Are There Differences Between Gout and Pseudogout?


Are There Differences Between Gout and Pseudogout?

Gout and Pseudogout

So, you may be wondering about gout and why there would be a condition called pseudogout.  Any term with the phrase “pseudo-“ insinuates that it means it is false or fake.  It can be confusing for many people to know whether or not they have gout or just something that acts like it.

Gout and pseudogout both are known joint diseases that are caused by crystal formation.  The differences start at that point for the two conditions.  First, gout involves crystals that are made up of monosodium urate monohydrate, also known as uric acid crystals.  Pseudogout has crystals made up of something entirely different.  This substance is called calcium pyrophosphate.  Pseudogout is also known as calcium pyrophosphate disposition disease. It’s no wonder they call it pseudogout—it’s easier to say!

Pseudogout, In a Nutshell

Pseudogout is much like gout in that it causes painful swelling in one or more joints of the sufferer.  The most common area for pseudogout is the knee joint.  It is not certain as to why these crystals form, but it is a known fact that the risk increases as a person gets older.

The disease does share many similarities to gout since the symptoms are alike in many ways.  If you could see the crystals of each of the conditions under a microscope, you would see very distinct differences.  Sometimes, a patient with gout may have pseudogout co-existing in the same affected joint.  The crystals are what bring about the inflammation of the joints.

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The risk factors for pseudogout are as follows:

  • Hyperparathyroidism
  • Degenerative arthritis
  • True gout
  • Amyloidosis

Treatment for Pseudogout

The treatment for pseudogout is very similar to that of gout.  To bring the inflammation down, the following interventions are suggested:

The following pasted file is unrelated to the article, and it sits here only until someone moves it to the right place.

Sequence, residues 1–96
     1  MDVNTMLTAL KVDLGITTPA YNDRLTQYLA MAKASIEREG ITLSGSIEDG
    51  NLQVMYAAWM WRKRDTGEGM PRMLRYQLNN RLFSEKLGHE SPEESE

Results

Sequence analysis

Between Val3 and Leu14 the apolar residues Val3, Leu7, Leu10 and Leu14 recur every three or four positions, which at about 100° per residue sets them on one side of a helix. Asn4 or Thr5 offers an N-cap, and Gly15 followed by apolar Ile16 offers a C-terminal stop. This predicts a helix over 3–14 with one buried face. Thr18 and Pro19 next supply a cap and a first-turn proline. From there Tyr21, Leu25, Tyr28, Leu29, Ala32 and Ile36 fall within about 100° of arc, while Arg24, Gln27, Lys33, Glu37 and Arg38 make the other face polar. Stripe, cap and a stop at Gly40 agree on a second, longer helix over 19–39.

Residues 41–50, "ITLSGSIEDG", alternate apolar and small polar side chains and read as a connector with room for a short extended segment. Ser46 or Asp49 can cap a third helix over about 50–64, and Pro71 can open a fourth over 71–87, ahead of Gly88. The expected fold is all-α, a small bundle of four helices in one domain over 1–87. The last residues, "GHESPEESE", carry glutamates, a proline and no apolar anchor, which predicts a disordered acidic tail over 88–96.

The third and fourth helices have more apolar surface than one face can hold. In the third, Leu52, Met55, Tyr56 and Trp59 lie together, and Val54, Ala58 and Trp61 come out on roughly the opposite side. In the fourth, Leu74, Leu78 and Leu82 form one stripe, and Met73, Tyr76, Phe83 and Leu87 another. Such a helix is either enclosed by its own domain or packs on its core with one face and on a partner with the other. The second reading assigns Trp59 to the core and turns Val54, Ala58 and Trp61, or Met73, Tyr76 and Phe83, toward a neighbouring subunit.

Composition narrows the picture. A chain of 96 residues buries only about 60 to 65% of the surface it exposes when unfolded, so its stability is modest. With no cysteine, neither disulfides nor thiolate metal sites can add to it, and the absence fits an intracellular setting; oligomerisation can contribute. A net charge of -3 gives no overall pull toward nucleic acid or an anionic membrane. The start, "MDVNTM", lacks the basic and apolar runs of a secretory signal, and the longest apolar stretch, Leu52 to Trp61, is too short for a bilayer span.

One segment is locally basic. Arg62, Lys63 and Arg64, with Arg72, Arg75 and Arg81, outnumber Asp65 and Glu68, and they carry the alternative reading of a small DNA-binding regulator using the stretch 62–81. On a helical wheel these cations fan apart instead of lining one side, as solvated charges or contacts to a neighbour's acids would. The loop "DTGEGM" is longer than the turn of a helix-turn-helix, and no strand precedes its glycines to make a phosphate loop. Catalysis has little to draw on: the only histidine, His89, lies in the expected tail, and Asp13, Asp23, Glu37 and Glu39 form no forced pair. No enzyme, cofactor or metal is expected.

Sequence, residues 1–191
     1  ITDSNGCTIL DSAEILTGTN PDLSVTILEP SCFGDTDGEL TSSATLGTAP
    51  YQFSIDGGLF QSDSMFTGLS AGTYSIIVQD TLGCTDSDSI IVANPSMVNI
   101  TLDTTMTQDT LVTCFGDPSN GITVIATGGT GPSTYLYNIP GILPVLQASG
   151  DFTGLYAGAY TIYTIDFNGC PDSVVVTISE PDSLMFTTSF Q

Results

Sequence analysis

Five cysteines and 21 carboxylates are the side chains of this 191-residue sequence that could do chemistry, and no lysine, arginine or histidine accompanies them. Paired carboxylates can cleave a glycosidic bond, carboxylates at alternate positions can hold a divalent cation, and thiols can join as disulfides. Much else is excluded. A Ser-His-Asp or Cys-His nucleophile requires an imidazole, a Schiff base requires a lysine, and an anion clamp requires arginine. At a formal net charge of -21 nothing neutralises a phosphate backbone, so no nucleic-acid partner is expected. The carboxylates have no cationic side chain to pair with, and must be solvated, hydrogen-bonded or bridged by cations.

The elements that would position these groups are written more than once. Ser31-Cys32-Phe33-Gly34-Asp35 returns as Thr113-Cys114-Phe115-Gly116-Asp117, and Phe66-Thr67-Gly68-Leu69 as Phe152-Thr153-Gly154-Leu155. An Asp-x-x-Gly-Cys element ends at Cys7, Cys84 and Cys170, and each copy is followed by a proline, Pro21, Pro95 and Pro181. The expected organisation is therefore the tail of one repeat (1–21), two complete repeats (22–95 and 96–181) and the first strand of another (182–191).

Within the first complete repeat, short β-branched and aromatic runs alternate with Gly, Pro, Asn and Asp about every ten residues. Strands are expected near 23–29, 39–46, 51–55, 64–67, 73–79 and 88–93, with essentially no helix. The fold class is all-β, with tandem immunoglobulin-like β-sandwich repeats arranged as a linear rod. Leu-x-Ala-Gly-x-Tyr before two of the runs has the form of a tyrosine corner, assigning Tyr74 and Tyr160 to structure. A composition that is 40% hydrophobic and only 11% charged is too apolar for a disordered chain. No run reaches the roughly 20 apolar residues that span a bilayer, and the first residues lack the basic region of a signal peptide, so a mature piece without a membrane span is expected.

• Ice the area. An ice pack helps to reduce inflammation by discouraging the buildup of blood in the affected area. Inflammation brings on more pain, so a cold pack will contribute to reducing it.  Don’t put ice directly on the area.  If you are using an ice pack, wrap a cloth around it to keep the direct cold from your skin.
  • Resting the joint. Avoiding the use of the joint will allow it to heal quickly.  If you move it too much, you will only aggravate the area and cause more pain.
  • Over-the-counter medication. Any non-steroidal anti-inflammatory drugs (NSAIDs) such as ibuprofen are great remedies to use for bringing down swelling and relieving pain from pseudogout.
  • Have the fluid removed from the affected area. It may be possible for your physician to remove the fluid that contains the crystals from the affected joint.  This procedure will greatly help the pain and expedite the healing.
  • Cortisone injections. The shots are injected into the affected joint to help decrease the inflammation in the area.
  • Colchicine. Colcrys or colchicine is an oral medication for true gout. It has been found to be effective to help patients with pseudogout as well.
  • Stay hydrated. Dehydration causes the blood to become concentrated, allowing crystals to form more easily. Drink plenty of water, especially if you perspire a lot during the day.

Resources

MedicineNet.com (Pseudogout)

Medscape (Gout and Pseudogout)

Mayo Clinic (Pseudogout)

Yvonne BanksYvonne Banks

Yvonne is a licensed practical nurse who has a passion for helping people to improve their health conditions. Practicing since 2001, she has worked with both geriatric and pediatric patients during the course of her career.

Feb 4, 2015
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